Directed by: Jimmy Shaw
Starring: Bruce Li, Angela Mao, and Paul L. Smith
In Bangkok, an American crime lord, Paul (Smith) is making his play to become the number one heroin dealer in the region. His main competitor is a Chinese gang who also wants control of the drug trade. But our hero, Chang (Li), is slyly playing them against each other so they can slowly wipe each other out. Inevitably, Paul and Chang will have to battle it out in the final confrontation. See who is victorious tonight!
From the opening of the movie, when Angela Mao shows up in a gym wearing a denim jumpsuit and stylishly beats up all comers, you know you’re in for an above-average chop socky outing. This is a true drive-in-style Martial Arts film, where characters have great outfits with huge collars, the dubbing is funny in its own right, there’s quality, non-stop fighting that is well-choreographed, and there are some nice directorial flourishes along the way that keep things from ever getting too flat.
Adding a lot to the proceedings is the extra-funky music, which includes some seriously badass drums. It’s easy to see why rappers like Wu-Tang like this style of movie, especially after hearing this cool soundtrack. Bruce Li even wears an imitation Adidas tracksuit for a bunch of his fight scenes, showing that the filmmakers trying to wring every last drop out of the Bruce Lee legend created something special that can stand on its own - and since a lot of these movies played on New York City’s 42nd Street, they ended up inadvertently inspiring some of the street culture of the 70’s and 80’s.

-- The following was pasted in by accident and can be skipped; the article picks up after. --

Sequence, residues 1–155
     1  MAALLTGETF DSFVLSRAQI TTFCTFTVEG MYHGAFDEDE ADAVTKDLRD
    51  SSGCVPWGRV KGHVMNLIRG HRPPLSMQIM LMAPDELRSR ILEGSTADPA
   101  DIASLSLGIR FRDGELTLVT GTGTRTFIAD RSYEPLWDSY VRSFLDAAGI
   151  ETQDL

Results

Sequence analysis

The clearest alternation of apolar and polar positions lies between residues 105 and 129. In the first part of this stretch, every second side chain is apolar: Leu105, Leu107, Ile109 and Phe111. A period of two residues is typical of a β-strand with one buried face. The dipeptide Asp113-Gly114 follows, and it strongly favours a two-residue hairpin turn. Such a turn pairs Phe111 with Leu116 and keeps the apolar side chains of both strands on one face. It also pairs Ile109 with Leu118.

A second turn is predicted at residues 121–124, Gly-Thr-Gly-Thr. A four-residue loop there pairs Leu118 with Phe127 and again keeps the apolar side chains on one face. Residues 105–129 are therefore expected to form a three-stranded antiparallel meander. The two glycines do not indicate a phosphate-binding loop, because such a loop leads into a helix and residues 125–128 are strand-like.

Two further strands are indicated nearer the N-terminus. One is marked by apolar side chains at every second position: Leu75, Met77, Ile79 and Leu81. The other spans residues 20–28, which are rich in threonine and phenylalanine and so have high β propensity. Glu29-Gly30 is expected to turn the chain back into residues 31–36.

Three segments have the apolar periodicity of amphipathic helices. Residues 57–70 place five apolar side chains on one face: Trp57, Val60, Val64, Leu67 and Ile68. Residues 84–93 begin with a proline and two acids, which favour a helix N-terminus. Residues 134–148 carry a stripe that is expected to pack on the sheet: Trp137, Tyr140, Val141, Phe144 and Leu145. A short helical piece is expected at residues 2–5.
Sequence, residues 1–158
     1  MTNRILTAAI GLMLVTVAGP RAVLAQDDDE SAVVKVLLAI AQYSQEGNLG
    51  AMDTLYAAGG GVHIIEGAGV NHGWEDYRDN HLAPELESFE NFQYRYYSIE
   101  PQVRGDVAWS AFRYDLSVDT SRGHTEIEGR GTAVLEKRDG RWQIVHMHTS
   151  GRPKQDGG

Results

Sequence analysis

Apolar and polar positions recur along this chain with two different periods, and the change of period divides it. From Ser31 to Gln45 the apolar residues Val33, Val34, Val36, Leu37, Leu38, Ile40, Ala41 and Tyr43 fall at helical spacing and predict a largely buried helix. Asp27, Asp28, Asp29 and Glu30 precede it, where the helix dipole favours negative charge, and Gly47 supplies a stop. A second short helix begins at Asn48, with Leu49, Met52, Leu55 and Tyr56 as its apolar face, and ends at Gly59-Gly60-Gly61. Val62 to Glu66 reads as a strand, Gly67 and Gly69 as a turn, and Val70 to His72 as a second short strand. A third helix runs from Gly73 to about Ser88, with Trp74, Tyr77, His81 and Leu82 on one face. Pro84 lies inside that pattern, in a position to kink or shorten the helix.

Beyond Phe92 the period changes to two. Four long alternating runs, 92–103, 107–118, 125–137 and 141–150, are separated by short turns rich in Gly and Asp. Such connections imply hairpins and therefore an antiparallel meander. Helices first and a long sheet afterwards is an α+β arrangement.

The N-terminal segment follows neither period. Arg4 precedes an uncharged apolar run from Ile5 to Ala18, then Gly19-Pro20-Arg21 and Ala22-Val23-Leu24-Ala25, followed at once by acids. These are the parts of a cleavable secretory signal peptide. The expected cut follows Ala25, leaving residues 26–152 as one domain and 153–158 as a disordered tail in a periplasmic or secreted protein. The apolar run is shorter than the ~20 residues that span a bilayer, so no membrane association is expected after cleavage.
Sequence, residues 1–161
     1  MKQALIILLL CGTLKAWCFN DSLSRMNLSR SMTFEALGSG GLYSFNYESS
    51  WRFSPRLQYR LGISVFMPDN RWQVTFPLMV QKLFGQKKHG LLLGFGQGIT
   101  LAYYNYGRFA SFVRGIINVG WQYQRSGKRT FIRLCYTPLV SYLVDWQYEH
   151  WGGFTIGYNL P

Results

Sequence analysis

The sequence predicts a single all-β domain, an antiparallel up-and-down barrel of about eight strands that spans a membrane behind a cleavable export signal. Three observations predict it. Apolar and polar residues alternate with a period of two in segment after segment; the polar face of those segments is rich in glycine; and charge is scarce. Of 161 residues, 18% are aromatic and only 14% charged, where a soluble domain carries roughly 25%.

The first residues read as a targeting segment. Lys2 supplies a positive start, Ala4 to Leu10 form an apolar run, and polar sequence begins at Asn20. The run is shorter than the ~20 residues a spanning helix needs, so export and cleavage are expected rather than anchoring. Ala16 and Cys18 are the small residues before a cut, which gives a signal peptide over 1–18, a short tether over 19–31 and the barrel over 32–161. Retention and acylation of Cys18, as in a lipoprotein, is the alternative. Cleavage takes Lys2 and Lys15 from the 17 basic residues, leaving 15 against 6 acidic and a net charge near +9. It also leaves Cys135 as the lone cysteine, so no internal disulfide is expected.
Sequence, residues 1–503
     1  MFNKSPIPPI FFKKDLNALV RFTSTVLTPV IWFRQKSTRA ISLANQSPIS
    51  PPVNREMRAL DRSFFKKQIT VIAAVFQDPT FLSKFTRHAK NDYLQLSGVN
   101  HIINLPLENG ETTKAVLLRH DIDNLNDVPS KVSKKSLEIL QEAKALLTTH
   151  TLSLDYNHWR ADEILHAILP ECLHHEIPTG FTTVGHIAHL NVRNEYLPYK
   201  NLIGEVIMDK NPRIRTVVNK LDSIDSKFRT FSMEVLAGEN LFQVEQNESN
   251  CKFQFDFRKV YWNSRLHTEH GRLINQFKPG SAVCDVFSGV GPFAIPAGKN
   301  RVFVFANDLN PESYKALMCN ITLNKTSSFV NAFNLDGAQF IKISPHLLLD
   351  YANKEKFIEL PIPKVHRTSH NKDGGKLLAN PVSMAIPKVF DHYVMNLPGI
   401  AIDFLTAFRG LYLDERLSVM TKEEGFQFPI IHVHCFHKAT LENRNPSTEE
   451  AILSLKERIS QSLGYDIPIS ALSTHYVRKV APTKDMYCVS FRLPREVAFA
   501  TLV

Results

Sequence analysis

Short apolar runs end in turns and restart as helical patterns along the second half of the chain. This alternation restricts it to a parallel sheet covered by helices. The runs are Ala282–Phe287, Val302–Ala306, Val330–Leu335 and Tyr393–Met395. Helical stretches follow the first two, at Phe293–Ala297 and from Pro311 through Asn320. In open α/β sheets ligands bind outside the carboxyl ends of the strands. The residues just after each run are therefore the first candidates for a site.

We always felt Bruce Li was underrated. While he came to prominence in the rush of Bruce Lee imitators along with Bruce Le, Dragon Lee, and our personal favorite knockoff name, Bruce Rhee, Bruce Li can hold his own as a high-quality Martial Artist, and this movie puts his talents on display - not only does Return Of The Tiger have the most threadbare plot to allow for non-stop brawls and fights, but there’s a hilarious scene where Li, right before a fight, oils himself up with oil that he just happened to have in his own pocket!
So there’s a sense of humor here too, which is nice. Paul Smith, whose career has plenty of interesting moments, including appearing in the David Heavener vehicle Outlaw Force (1988), makes a visually different villain for this type of film. His bearded, hulking appearance gives Li a big challenge to overcome, and the climax - just like this movie overall - doesn’t disappoint.
Naturally, it takes place in the time-honored abandoned warehouse. Other things to watch out for are the musical stings (presumably) lifted right from the John Barry James Bond theme music, and an obese minion of the baddies named Tom who always wears a sweatshirt with the word “TOM” written in huge letters right on it. There are other memorable moments as well, making Return of the Tiger a cut above the legion of similar films being released at this time.
Also known in some territories under the awesomely overblown title of “Silent Killer From Eternity” (!), Media released this on VHS back in the good old days, so check it out if you can find it.
Comeuppance Review by: Ty and Brett